Radio listening sessions have boosted students’ learning in Mali

  • Mail
  • Share
  • Like
  • Tweet

Last year, COVID-19 led to the closure of all school classes in Mali, putting children at risk of falling behind with their studies.

To help students catch up with their lessons, Plan International, through the Irish Aid-funded EQuIP project, initiated a radio listening programme covering the Timbuktu area.

At schools across the region, student clubs have been set up to allow pupils to listen to radio lessons which are broadcast three times a week.

Rahmata, 11, has learnt prevention measures to help stop the spread of COVID-19

Lessons are broadcast in the morning, on subjects ranging from mathematics, to French and literacy. Under the supervision of the Ministry of Education’s regional services, students, teachers and school principals all collaborated together on the project, from its conception to the production of the radio programmes.

“The children made the programmes with their teachers; they contributed to the lessons and made suggestions to the teachers when their explanations are difficult to understand. A WhatsApp group was also created and head teachers made observations and recommendations to improve the content,” explains Abdoulaye Alhousseini, head teacher of one of the schools taking part in the project.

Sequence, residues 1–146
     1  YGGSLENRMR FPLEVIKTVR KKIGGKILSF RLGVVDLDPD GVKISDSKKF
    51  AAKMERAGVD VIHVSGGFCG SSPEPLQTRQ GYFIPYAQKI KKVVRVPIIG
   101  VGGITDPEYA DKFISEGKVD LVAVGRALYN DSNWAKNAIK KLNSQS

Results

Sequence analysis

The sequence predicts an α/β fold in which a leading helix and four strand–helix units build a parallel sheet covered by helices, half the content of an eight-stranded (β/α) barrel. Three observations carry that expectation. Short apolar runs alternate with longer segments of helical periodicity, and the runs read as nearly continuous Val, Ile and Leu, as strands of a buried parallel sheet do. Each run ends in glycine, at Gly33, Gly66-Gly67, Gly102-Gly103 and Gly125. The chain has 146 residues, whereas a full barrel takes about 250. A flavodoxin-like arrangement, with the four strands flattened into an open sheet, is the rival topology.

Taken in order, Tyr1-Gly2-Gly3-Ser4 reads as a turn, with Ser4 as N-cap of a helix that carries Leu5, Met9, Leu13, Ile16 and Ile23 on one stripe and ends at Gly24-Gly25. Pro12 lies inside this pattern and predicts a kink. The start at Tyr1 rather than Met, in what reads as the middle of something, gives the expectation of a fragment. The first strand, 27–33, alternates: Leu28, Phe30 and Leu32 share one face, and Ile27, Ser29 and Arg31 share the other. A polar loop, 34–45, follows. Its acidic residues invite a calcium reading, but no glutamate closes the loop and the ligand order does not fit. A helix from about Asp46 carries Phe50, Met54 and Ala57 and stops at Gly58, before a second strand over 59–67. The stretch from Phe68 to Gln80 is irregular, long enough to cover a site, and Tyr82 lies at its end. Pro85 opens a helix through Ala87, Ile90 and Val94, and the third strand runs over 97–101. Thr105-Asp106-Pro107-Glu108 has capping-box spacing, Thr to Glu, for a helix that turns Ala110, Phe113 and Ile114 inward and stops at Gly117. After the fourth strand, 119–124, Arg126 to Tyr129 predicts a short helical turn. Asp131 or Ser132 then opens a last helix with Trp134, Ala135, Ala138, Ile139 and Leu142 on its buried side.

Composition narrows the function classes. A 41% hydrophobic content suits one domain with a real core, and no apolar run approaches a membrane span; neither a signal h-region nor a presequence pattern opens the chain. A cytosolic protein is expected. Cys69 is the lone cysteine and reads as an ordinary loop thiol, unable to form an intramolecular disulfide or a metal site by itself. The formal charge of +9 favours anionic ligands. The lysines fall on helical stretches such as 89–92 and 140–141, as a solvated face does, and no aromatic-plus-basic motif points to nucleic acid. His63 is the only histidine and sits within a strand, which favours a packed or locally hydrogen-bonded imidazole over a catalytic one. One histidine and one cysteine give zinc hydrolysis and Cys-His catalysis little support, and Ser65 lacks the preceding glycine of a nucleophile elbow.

11-year-old Rahmata is a keen member of her school’s listening club. Like thousands of children, the school closures affected her. “When schools were closed, I couldn’t go to school anymore or see my friends; it really disrupted my year. At home, I couldn’t study because I had to help with the household chores like washing dishes, doing laundry and sweeping the yard.”

When the radio sets arrived at her school, Rahmata was quick to join her club to follow the lessons on the radio. The children listen to the classes broadcast on the radio and then complete the exercises related to the lessons they have just heard.

“I enjoy following the lessons on the radio. It has helped me with my reading and to learn French. With my brothers, we review what we have learnt at night through the radio and then do our maths and French homework together. It’s very interesting and we learn a lot,” says Rahmata who hopes to become an accountant and work in a bank.

Rahmata, 11, has her temperature taken at the school entrance

With the live radio broadcast coming to an end, schools taking part in the project have been provided with a USB key which holds all the radio lessons, this allows the teachers to relisten the programmes whenever they choose, much to the joy of the students who find learning by radio exciting and fun. The radio modules are also used as remedial courses for displaced children needing to catch up with their studies. 

“The children get excited whenever they see us bring the radios into class. They know what the radio will be used for and they love it,” says Abdoulaye.

As well as setting up the listening clubs, the schools have been provided with teaching materials, school manuals and hand washing kits to prevent the spread of COVID-19. However, “The needs of schools remain high,” explains Abdoulaye. “These include protection and security systems, remedial classes, tables and benches and school kits for the large number of displaced children and those in need.”